-these are my views, not those of Project Trust-

Sunday, 20 October 2013

Athletics, Hammocks and Snakes

For the past week, we have been preparing those students who will be competing at the Inter-Schools Athletics in Katoonarib on the 25th and 26th of October. That on its own doesn't sound too much of a chore, but I'm sure it will do once you find out that every day for the past week we have been getting up at 05:20 as practice begins at 05:30. We then continue until 07:30 (in reality it's normally about 07:00 - the Amerindians have a different sense of timing than we do in the UK). Being up at this time does have a slight advantage - it's relatively cool, so we're (Steven and I) not suffering continuously for once, at least for a short period of time. From Monday to Friday we then had practice sessions for the rest of the day as follows:

09:30 - 11:30
12:15 - 14:00
16:00 - 18:00

So hopefully, our students who are competing will do well, although they will be against students from secondary schools, where they have a much bigger selection of potential athletes to choose from.

As a result of this timetable, two things have occurred. 1) Very little teaching, and 2) A lot of time has been spent lying in hammocks under our benab, or liming and gaffing as the Guyanese call it. For those of you not up to speed with the lingo, liming is lying in a hammock and not doing anything for long periods of time, whilst gaffing is the same but with talking involved. This has helped me to become better at sleeping in a hammock, so I am now having very few problems at night. They now only occur if I set my hammock too high and can't be bothered to get up to adjust it, so suffer for the whole night as a result.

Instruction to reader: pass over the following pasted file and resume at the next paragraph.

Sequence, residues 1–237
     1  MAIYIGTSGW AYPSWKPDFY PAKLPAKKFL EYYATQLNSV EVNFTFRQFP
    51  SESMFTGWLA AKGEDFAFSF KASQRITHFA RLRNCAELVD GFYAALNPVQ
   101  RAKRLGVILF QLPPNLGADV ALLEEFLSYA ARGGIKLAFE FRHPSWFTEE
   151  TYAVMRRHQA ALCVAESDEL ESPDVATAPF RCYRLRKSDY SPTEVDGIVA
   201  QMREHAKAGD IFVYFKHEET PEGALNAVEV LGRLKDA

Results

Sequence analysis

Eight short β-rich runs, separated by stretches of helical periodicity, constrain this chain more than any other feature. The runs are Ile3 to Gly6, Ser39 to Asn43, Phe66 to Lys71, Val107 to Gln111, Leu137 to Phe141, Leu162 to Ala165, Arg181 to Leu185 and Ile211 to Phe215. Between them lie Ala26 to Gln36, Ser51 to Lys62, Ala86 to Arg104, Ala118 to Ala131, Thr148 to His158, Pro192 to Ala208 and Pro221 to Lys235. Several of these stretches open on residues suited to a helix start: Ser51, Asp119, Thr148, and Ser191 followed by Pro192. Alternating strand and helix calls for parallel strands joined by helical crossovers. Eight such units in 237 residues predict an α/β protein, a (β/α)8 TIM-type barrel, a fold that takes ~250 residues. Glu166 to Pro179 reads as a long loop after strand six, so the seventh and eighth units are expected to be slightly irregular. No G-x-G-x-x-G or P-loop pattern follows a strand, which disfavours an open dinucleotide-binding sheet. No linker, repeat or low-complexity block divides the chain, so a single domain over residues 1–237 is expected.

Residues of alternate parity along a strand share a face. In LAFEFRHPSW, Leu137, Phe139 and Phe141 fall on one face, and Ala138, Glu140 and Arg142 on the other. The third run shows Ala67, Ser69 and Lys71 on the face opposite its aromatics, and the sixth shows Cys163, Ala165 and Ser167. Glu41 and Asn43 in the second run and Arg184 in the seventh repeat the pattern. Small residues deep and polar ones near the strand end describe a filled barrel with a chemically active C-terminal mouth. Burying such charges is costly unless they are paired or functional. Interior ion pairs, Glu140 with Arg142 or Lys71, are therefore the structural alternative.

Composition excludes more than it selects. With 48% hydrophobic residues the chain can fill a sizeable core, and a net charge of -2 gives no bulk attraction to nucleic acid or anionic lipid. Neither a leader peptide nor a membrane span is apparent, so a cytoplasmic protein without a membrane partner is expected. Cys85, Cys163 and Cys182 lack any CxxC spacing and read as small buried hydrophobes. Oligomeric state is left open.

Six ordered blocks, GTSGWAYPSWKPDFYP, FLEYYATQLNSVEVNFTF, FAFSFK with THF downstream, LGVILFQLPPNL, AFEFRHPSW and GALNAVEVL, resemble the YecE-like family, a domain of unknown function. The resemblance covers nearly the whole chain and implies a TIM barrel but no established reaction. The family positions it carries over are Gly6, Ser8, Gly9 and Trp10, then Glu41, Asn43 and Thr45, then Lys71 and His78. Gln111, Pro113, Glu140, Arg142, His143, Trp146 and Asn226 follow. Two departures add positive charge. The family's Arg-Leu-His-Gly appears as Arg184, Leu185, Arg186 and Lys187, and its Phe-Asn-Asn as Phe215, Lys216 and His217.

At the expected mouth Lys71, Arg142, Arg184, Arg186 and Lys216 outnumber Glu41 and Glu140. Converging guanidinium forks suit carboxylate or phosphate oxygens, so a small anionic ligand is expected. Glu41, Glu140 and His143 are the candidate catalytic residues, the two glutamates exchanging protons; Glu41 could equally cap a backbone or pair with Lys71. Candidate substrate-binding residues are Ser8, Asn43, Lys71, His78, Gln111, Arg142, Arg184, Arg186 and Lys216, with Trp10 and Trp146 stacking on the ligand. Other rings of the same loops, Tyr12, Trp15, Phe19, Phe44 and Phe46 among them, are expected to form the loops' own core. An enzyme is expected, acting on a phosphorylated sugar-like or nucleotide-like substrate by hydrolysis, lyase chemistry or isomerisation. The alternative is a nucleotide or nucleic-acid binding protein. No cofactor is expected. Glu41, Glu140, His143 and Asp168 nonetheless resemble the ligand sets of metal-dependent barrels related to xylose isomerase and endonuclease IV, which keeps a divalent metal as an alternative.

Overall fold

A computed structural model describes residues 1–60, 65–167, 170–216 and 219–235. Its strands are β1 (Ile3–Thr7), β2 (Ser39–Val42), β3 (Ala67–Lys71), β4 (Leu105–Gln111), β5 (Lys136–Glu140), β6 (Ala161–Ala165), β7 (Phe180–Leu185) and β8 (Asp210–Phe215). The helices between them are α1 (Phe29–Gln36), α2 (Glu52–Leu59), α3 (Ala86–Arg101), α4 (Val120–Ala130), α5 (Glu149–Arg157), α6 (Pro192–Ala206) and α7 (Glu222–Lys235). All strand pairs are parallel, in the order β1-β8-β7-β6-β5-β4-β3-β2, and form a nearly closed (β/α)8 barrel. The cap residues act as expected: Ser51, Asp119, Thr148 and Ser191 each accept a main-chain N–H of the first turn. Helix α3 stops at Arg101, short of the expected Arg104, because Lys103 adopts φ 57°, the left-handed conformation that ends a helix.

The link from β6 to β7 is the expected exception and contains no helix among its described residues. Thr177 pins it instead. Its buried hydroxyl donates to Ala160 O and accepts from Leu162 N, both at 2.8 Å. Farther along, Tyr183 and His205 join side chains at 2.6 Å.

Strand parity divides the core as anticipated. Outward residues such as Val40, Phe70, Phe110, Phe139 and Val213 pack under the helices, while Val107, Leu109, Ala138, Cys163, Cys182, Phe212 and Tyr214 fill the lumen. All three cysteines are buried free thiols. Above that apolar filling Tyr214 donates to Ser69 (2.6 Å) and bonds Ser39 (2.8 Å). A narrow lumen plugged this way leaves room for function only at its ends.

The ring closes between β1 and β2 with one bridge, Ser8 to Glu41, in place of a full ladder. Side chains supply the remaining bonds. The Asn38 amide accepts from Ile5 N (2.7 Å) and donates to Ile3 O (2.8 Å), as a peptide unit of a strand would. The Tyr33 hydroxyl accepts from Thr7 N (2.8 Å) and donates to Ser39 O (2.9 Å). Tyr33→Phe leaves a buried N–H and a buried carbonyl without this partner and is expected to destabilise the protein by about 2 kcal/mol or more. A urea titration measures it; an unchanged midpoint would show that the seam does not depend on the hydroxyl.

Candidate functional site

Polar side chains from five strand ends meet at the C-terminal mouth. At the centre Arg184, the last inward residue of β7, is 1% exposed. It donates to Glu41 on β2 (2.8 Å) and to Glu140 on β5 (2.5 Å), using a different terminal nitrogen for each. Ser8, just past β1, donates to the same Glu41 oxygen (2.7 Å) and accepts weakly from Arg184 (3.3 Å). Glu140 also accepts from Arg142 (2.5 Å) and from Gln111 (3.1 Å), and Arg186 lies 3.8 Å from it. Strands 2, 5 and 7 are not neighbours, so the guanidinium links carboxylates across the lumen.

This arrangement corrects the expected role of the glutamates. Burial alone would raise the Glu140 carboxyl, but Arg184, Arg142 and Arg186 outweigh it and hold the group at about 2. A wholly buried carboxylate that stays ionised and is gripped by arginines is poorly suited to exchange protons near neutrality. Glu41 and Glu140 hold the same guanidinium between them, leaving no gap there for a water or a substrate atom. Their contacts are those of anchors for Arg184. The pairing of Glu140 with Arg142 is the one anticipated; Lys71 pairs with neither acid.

Within the past month, Steven and I have both had unwelcome visitors in our shoes. The House Laboria (I think that's the correct spelling, but the internet here is so slow that it would take forever to check) is apparently venomous, but depending on who we talk to it may also very well not be. Either way, it's not particularly pleasant to find a snake in your shoe, so we're now in the habit of shaking them upside down to check BEFORE we put them on.

Two days ago, I completed the first sixth of my year here in Guyana. Given that I'm likely to be leaving before the 18th of August next year, the past two months are actually slightly more than a sixth of my total time in South America (or the Caribbean if you're being pedantic), and time has flown. At times that's a good thing, at others it's not. However, there's not much I can do about it apart from enjoy myself and have a brilliant time.

-I'll try to add some pictures in the near future-